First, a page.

Tuesday, January 24, 2012

Creating a Focal Point

The shrub rose 'Palmengarten Frankfurt' at the Royal Botanical Gardens in Hamilton, ON.

The senses are bombarded with information in a garden.

Hollyhocks in the RBG, Hamilton, ON.

There are visual cues like color... 

The Rockery at the RBG in Hamilton, ON.

and shape. 

The climbing rose 'American Pillar' at the Royal Botanical Gardens in Hamilton, ON.

There is also scent, ...

A bee on a fall aster 

sound and...

Moss covered rocks and fern, The Rockery at the RBG in Hamilton, ON.

 the tactile cues of provided by texture. 


When on top of all that information, a gardener mixes in a some garden gnomes, a few birdhouses, and/or a statue or two, a mild disquiet can start to creep in to the mind of the observer. When assaulted with too much information, what the mind wants most is an escape route.

A late fall bouquet of store bought roses in my favourite watering can.

I don't know about you, but when it comes to garden clutter, I really have to retrain myself. I love watering cans, birdhouses, fairies, mushrooms...gosh, what don't I like...well, maybe I can give plastic looking garden gnomes a miss, but you get my point; I love all manner of garden ornaments.

I don't believe you should feel that you have to rigidly adhere to design rules with regard to garden ornaments. It's your garden. Please yourself first! Heck, if you fill your garden with plastic garden gnomes, I say, go for it! Life is too short to worry about other people's opinions. 

But if you look around your garden and feel a vague sense of dissatisfaction, understanding design principals can help you identify what is and isn't working and then help you to correct it.

Brain Folmer's garden near Walkerton, ON.

This finally brings me around to the subject of today's post: focal point. 

Focal point is one of those designer terms that you hear tossed around frequently. Commons sense suggests that it is a point of focus; something whose dramatic presence demands or fixes your attention on it. In a garden, using a focal point can also take away from that feeling of visual clutter by centring your attention for a time on a single point of interest.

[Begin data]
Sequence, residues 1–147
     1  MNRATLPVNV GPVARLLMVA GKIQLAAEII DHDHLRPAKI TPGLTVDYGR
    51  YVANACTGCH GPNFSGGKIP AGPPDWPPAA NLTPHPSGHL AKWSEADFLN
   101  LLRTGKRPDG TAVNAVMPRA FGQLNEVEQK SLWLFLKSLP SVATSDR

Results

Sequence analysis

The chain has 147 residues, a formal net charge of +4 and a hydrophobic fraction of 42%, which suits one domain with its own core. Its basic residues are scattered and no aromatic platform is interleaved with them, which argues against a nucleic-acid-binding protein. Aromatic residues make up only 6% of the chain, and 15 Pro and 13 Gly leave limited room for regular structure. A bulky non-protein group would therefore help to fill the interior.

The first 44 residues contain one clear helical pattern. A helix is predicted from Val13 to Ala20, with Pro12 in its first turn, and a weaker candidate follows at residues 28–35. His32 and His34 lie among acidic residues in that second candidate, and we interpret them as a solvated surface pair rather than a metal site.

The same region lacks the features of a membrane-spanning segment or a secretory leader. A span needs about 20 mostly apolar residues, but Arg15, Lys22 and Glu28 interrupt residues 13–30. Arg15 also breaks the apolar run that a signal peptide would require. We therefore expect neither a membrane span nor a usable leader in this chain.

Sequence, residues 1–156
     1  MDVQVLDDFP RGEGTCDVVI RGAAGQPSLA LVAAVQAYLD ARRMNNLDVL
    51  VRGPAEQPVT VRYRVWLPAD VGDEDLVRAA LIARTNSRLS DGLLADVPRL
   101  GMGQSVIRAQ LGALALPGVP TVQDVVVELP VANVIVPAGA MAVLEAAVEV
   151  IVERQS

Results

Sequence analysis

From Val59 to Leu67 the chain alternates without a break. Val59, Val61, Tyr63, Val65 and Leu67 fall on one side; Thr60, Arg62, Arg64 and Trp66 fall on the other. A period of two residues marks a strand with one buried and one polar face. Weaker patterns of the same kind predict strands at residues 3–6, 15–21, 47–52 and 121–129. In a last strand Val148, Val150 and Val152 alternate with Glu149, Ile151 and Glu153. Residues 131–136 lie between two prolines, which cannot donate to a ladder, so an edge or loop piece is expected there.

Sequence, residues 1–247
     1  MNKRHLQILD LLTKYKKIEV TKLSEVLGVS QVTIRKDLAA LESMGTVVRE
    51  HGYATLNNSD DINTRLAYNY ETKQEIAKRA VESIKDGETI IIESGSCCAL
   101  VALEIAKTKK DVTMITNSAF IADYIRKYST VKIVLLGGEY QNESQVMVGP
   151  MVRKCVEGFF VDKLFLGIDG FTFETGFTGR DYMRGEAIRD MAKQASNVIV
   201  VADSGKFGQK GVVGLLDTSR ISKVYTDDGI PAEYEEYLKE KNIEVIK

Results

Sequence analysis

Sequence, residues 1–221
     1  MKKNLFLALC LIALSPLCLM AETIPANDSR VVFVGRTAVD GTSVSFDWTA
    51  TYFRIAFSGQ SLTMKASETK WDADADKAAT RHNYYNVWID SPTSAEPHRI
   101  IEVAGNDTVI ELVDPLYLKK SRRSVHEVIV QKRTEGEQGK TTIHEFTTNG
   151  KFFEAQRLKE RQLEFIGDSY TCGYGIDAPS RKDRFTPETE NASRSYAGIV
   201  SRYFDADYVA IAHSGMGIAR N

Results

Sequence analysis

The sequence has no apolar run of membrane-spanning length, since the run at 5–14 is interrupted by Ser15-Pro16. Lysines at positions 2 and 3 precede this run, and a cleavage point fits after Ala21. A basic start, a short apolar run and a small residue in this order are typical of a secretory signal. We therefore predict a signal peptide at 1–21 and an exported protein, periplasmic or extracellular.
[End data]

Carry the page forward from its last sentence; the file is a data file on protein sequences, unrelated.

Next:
The picture above is a classic example of using focal point in a garden. The eye rockets along the lines of perspective created by a walkway flanked with two parallel rows of ornamental grass. Your point of focus is a single object, the gazebo in the far distance. Curiosity about that distant structure drives you forward, along the path to get a closer look.

Let's look back the other way. Again, there is a single focal point. 

Brain Folmer's garden near Walkerton, ON.

What is that distant object anyway?

Brain Folmer's garden near Walkerton, ON.

I see now. It's an urn.


Fixing your line of sight on a garden focal point is like finding a stepping stone in the center of a stream you are trying to cross. It's a place to rest, to catch your breath, adjust your balance and then move on.

Brain Folmer's garden near Walkerton, ON.

Take a look at this garden scene. The bench is not only a literal place to rest, it is an object for the eye to rest on as well.


Lose the bench through the magic of Photoshop, and your eye starts darting all over the place. It is like a sentence without a period. The visual information provided by the mixed planting suddenly seems vaguely overwhelming. 

Brain Folmer's garden near Walkerton, ON.

Now, I know what you might be thinking. This is all well and good Jennifer, but I don't have acres of garden to work with in creating a focal point. Fair enough! I don't have vast acreage either.

In Part 2, I will show you some inspiration for creating a focal point in a smaller garden.

23 comments:

  1. I was amazed at the difference when you Photoshopped the bench away. You proved your point and then some! I can't wait for the smaller garden tips, because that is what I deperately need.
    The botanical gardens look gorgeous.

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  2. Terrific information, Jennifer. Love how you used Photoshop to make your point. It really did prove that a focal point is essential. I'm looking around my barren garden and all I see is chaos. I have work to do!

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  3. Dzięki pięknym zdjęciom pobudziłaś wyobraźnie. Rozumiem już na czym polega punkt centralny w dużym ogrodzie. Niestety ja mam mały ogródek i z pewnością tak nie może być. Czekam na porady punktu centralnego w małym ogrodzie. Ozdoby w ogrodzie- jak ktoś je lubi to niech zdobi nimi ogród i jego sprawa. Pozdrawiam. *** With beautiful photographs pobudziłaś imagination. I understand now what is the focal point in the large garden. Unfortunately, I have a small garden, and certainly it can not be. Waiting for advice a central point in a small garden. Ornaments in the garden-like someone likes them then let them adorns the garden and its business. Yours.